Burn injury is a severe form of trauma affecting more than two million people in North America each year. Burn trauma is not a single pathophysiological event but a devastating injury that causes structural and functional deficits in numerous organ systems. Due to its complexity and the involvement of multiple organs, in vitro experiments cannot capture this complexity nor address the pathophysiology. In the past two decades, a number of burn animal models have been developed to replicate the various aspects of burn injury; to elucidate the pathophysiology and explore potential treatment interventions. Understanding the advantages and limitations of these animal models is essential for the design and development of treatments that are clinically relevant to humans. This review paper aims to highlight the common animal models of burn injury in order to provide investigators with a better understanding of the benefits and limitations of these models for translational applications. While many animal models of burn exist, we limit our discussion to the skin healing of mouse, rat, and pig. Additionally, we briefly explain hypermetabolic characteristics of burn injury and the animal model utilized to study this phenomena. Finally, we discuss the economic costs associated with each of these models in order to guide decisions of choosing the appropriate animal model for burn research. PMID:24714880

  1. [Animal experimentation, animal welfare and scientific research].

    Science.gov (United States)

    Tal, H

    2013-10-01

    Hundreds of thousands of laboratory animals are being used every year for scientific experiments held in Israel, mostly mice, rats, rabbits, guinea pigs, and a few sheep, cattle, pigs, cats, dogs, and even a few dozen monkeys. In addition to the animals sacrificed to promote scientific research, millions of animals slain every year for other purposes such as meat and fine leather fashion industries. While opening a front against all is an impossible and perhaps an unjustified task, the state of Israel enacted the Animal Welfare (Animal Experimentation) Law (1994). The law aims to regulate scientific animal experiments and to find the appropriate balance between the need to continue to perform animal experiments for the advancement of research and medicine, and at the same time to avoid unnecessary trials and minimize animal suffering. Among other issues the law deals with the phylogenetic scale according to which experimental animals should be selected, experiments for teaching and practicing, and experiments for the cosmetic industry. This article discusses bioethics considerations in animal experiments as well as the criticism on the scientific validity of such experiments. It further deals with the vitality of animal studies and the moral and legal obligation to prevent suffering from laboratory animals.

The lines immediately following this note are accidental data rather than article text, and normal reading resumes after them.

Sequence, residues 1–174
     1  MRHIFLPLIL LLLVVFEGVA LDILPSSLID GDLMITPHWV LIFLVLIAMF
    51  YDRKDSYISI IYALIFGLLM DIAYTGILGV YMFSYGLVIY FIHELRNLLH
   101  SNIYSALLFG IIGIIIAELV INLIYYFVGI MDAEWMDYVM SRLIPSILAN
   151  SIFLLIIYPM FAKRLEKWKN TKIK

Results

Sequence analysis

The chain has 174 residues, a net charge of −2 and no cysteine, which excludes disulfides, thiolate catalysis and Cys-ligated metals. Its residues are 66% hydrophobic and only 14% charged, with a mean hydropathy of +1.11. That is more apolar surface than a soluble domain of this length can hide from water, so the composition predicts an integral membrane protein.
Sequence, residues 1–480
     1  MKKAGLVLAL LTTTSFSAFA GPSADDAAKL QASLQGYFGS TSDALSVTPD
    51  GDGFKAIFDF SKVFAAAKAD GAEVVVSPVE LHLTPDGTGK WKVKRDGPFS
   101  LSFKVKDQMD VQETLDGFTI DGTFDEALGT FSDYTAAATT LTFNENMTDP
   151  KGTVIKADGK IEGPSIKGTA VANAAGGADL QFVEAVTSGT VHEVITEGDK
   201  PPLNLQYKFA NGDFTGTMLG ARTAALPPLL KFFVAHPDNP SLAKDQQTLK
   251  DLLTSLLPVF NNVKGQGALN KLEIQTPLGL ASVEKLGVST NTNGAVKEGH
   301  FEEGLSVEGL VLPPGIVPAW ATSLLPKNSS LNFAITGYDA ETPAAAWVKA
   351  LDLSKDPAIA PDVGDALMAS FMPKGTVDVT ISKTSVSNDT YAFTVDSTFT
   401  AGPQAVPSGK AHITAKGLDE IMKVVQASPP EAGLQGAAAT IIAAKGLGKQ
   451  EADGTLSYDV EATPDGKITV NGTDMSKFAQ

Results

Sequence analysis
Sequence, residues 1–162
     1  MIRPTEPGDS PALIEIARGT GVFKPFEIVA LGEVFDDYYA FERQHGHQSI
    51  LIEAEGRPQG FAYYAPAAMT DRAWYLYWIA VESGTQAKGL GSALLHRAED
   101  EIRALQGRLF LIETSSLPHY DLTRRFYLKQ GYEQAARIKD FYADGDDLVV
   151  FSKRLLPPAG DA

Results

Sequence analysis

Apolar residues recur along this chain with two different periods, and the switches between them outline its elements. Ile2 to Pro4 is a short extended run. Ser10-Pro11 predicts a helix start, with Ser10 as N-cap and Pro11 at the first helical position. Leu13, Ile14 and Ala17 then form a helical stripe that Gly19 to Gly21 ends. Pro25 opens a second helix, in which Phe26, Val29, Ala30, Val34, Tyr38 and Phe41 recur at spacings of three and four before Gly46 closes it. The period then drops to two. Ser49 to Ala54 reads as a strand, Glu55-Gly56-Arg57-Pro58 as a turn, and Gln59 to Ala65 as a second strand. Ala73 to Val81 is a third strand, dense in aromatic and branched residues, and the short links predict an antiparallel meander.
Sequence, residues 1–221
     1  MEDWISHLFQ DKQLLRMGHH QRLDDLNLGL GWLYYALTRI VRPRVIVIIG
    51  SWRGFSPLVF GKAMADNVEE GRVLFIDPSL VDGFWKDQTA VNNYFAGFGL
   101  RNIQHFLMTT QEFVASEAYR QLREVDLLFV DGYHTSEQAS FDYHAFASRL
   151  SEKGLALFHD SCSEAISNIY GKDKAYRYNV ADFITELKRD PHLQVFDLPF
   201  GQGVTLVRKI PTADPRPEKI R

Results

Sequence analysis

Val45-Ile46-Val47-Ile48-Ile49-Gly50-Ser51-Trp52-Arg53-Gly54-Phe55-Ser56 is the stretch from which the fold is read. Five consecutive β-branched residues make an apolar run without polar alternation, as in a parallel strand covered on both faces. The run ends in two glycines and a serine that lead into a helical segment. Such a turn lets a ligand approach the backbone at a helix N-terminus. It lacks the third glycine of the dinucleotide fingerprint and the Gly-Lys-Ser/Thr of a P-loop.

2. Public Attitudes toward Animal Research: A Review

    Directory of Open Access Journals (Sweden)

    Elisabeth H. Ormandy

    2014-06-01

    Full Text Available The exploration of public attitudes toward animal research is important given recent developments in animal research (e.g., increasing creation and use of genetically modified animals, and plans for progress in areas such as personalized medicine, and the shifting relationship between science and society (i.e., a move toward the democratization of science. As such, public engagement on issues related to animal research, including exploration of public attitudes, provides a means of achieving socially acceptable scientific practice and oversight through an understanding of societal values and concerns. Numerous studies have been conducted to explore public attitudes toward animal use, and more specifically the use of animals in research. This paper reviews relevant literature using three categories of influential factors: personal and cultural characteristics, animal characteristics, and research characteristics. A critique is given of survey style methods used to collect data on public attitudes, and recommendations are given on how best to address current gaps in public attitudes literature.